Saturn’s rings are very young

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Data from Cassini’s last ring-diving orbits has now strengthened the hypothesis that Saturn’s rings formed very recently, just a few hundred million years ago.

Saturn acquired its jewels relatively late in life. If any astronomers had gazed at the sky in the time of the dinosaurs, they might have seen a bare and boring Saturn.

It was then that some sort of catastrophe struck the gas giant. Perhaps a stray comet or asteroid struck an icy moon, tossing its remnants into orbit. Or maybe the orbits of Saturn’s moons somehow shifted, and the resulting gravitational tug-of-war pulled a moon apart. However it happened, two new lines of evidence from Cassini make it clear that the rings were not around in the early days of the solar system 4.5 billion years ago, as scientists had long believed, says Jeff Cuzzi, a ring specialist at NASA’s Ames Research Center in Mountain View, California. “It rules out the primordial ring story,” Cuzzi says. “That’s what it looks like to me.”

At the moment there is no consensus on what might have caused the rings formation so recently.



  • mike shupp

    And why is there a tenuous ring about Jupiter? And a tenuous PARTIAL ring about Uranus? And no relic of such a thing about the Earth, which in theory has had a couple of noteworthy collisions of its own with celestial objects?

    I.e., we could use a more general explanation,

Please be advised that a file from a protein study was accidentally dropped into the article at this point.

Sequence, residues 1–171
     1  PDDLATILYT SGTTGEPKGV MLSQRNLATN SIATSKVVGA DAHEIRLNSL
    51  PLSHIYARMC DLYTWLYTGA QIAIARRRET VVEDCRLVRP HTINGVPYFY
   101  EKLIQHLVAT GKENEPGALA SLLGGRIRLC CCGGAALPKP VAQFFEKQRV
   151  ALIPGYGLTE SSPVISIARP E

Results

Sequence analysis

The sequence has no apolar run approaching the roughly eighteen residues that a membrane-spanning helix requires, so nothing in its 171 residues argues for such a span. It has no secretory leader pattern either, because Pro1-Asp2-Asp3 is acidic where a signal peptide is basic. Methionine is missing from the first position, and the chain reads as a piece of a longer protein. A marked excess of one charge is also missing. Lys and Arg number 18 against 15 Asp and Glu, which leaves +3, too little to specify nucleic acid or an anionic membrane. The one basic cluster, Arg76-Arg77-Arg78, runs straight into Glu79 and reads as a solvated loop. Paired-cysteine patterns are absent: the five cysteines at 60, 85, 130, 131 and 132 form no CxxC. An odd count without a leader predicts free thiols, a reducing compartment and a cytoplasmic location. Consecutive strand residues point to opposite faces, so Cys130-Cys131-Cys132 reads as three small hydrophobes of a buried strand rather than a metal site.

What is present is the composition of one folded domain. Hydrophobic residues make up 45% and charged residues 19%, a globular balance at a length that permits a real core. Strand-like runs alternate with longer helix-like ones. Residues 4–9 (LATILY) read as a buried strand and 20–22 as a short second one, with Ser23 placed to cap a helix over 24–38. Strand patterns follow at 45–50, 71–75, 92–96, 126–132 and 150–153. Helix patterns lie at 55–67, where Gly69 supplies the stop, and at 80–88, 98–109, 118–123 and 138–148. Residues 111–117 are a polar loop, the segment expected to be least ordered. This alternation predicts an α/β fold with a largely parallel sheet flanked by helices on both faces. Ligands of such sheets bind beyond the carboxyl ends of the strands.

• ken anthony

    Funny how they use collisions to solve problems that end up creating other problems. Not so funny is how they say it happened with such authority (when speaking to us simple folk.)

  • mike shupp

    Oh, I dunno. My thought is, likely there was quite a bit of debris about the earth back around the time the moon was being put together, but the solar wind and light pressure shoved off the lighter stuff. Stronger solar wind and light pressure might explain why nothing lingered around Mercury and Venus long enough to coalesce into moons. I think there are plausible explanations for moon formation and rings and no doubt other interesting phenomena we just haven’t seen yet.

    But I’m not an Official Planetary Scientist, just this guy mumbling to himself and hand waving. I’d really like to see somebody tackle this stuff more rigorously. Other hand … I’m complaining about a lack of satisfactory explanations for things which NOBODY EVER IMAGINED for the first twenty years or so of my life, so it’s not as if we can argue “Astronomy has failed. Science is all wrong!”

    Nah, it’s blissful to be alive and aware of the progress we’re making. HOSANNAH!

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